Identify potential solutions for common tricky situations; define bystander effect and explain how to avoid it.


NHES 2: Ask for and offer assistance to enhance the health of self and others.


CASEL:Relationship skills






Lesson Plan: A User’s Guide to Tricky Situations 

Want to learn how to navigate even the thorniest dilemmas? Read on! 

1. Preparing to Read

Before you read the article “A User’s Guide to Tricky Situations,” ask your students the following pre-reading question:

What is a common tricky social situation teens might experience, and what is the best way to handle it?

2. Reading and Discussing

  • Have your students read the article “A User’s Guide to Tricky Situations” independently; read the article out loud to them; or have students partner-read the article out loud.
  • After they’ve read the article, revisit the pre-reading question. Have their answers changed?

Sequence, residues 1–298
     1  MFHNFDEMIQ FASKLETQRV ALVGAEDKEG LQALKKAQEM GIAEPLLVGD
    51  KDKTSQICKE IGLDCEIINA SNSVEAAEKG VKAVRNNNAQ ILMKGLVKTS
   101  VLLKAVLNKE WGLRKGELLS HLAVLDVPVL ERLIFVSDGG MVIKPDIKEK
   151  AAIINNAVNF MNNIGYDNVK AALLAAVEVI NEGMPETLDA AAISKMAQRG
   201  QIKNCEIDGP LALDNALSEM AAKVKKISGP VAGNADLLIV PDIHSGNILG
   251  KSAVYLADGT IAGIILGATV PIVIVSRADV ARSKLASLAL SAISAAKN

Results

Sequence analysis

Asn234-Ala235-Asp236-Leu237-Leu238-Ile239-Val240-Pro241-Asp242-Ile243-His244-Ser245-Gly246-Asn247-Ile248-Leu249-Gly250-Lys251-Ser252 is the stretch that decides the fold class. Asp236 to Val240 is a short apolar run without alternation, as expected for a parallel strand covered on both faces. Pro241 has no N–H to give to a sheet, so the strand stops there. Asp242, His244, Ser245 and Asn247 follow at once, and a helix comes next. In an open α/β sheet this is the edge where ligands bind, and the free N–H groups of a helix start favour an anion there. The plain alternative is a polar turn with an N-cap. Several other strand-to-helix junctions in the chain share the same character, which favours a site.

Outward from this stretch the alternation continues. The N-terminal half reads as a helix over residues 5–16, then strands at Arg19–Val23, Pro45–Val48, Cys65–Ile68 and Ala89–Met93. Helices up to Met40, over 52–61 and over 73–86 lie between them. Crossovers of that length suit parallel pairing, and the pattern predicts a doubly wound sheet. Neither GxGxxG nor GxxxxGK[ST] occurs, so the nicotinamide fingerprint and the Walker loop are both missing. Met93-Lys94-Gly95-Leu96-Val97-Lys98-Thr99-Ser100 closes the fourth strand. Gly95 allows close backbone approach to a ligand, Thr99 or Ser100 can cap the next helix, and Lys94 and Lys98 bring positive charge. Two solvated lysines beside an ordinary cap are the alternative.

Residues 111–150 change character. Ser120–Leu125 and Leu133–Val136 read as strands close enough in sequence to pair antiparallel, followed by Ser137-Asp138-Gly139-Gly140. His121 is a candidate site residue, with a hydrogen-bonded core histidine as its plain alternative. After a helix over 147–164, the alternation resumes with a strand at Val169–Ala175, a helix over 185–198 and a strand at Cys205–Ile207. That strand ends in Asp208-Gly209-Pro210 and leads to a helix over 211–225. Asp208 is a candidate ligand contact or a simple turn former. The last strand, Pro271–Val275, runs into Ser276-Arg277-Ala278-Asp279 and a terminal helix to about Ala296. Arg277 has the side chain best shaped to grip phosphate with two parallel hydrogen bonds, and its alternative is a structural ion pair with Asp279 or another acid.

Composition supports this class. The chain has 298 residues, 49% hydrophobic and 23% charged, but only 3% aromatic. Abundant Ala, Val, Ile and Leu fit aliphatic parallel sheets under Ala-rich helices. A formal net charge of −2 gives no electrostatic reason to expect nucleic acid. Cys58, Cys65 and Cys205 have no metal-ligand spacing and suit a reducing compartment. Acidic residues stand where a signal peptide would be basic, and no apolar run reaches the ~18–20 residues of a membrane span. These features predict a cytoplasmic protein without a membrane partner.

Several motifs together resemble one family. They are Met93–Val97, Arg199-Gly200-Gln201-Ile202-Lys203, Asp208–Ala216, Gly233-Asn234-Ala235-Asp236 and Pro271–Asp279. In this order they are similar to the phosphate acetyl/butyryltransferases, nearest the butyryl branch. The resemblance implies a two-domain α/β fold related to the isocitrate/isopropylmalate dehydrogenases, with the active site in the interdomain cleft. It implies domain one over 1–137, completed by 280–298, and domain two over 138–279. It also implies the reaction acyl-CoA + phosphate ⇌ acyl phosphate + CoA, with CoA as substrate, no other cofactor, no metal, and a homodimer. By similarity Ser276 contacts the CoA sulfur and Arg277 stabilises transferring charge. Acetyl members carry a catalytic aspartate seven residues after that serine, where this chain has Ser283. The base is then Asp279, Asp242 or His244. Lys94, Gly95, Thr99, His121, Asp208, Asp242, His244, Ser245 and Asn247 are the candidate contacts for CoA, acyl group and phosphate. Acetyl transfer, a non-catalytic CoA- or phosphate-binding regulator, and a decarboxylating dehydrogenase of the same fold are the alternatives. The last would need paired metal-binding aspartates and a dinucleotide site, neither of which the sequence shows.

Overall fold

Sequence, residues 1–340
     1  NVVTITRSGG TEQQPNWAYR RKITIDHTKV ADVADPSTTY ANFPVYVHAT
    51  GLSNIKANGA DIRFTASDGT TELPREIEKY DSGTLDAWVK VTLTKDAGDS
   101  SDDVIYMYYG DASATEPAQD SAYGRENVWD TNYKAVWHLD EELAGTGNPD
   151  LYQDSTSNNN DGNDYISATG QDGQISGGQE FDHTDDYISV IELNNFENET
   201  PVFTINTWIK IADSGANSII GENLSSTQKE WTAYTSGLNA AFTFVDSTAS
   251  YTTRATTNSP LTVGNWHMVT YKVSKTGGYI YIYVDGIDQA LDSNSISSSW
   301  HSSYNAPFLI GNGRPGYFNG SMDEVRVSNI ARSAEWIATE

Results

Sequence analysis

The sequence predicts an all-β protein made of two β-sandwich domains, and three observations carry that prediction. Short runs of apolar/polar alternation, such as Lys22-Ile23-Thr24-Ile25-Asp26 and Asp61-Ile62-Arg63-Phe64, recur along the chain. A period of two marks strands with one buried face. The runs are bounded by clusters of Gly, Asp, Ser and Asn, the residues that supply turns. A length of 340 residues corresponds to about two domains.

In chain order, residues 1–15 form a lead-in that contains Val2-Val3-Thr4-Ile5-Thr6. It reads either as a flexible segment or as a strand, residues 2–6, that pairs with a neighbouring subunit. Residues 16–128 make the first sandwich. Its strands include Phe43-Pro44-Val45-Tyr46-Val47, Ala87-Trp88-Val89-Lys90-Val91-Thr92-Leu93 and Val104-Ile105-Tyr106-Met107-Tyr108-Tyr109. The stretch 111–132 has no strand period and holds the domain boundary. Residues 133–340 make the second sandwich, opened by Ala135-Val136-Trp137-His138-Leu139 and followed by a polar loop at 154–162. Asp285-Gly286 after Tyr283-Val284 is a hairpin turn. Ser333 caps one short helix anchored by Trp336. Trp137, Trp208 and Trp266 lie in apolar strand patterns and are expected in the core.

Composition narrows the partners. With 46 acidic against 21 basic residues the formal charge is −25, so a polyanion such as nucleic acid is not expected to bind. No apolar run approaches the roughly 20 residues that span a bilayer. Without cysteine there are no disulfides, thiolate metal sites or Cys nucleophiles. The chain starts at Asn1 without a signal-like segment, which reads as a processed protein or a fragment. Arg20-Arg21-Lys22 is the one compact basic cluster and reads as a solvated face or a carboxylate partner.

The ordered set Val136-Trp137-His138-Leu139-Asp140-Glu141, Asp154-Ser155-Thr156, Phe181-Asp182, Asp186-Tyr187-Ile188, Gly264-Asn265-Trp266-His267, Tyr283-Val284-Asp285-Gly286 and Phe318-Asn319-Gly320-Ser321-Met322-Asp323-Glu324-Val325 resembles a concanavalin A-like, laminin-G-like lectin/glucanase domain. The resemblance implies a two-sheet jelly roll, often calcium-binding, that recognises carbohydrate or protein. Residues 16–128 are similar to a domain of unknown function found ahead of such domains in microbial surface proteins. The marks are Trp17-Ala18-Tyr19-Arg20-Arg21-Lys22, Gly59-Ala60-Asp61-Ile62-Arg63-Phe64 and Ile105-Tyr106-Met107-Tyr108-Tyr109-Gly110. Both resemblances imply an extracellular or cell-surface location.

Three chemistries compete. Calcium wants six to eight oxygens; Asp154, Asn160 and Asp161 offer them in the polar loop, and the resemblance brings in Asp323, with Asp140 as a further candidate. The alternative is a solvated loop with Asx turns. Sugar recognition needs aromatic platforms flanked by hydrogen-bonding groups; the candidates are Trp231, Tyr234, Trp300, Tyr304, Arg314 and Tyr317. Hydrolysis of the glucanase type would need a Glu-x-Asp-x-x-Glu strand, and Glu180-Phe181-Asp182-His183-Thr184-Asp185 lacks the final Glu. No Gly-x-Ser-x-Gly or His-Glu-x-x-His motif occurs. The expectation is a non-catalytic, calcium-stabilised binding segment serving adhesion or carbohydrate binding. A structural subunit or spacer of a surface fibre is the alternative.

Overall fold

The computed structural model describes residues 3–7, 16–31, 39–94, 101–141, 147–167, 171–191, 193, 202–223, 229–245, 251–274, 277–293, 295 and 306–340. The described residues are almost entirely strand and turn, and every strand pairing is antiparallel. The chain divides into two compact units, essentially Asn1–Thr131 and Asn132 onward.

• Next, have your students answer the Close-Reading and Critical-Thinking questions, either working in small groups or independently. 

Close-Reading Questions
The following questions can be shared in printable or interactive form from the Resources tab. 

  1. Is it always sensible to speak up in a tricky situation, according to the article? Explain your answer.
  2. According to the article, there is one clear solution for a specific type of tricky situation. What is the situation, and what type of action should you take?

Critical-Thinking Questions

  1. Does social media complicate tricky situations or make them easier to deal with, in your opinion? Explain your thinking.

  2. Which type of tricky situation do you deal with most frequently? Why do you think this situation is so common?

3. Building Comprehension and Vocab

Check students’ comprehension of and engagement with the story with the following assessment tools:

  • Quiz

  • Vocab Builder

4. Expanding SEL Opportunities

Continue the learning journey with the following extension activity:

In this SOCIAL DILEMMA INTERVIEW, have students speak to an older sibling, family member, or another adult whom they trust to give good advice on handling tricky situations. They should take notes during the interview and then share what they learned about navigating tricky situations with the class!

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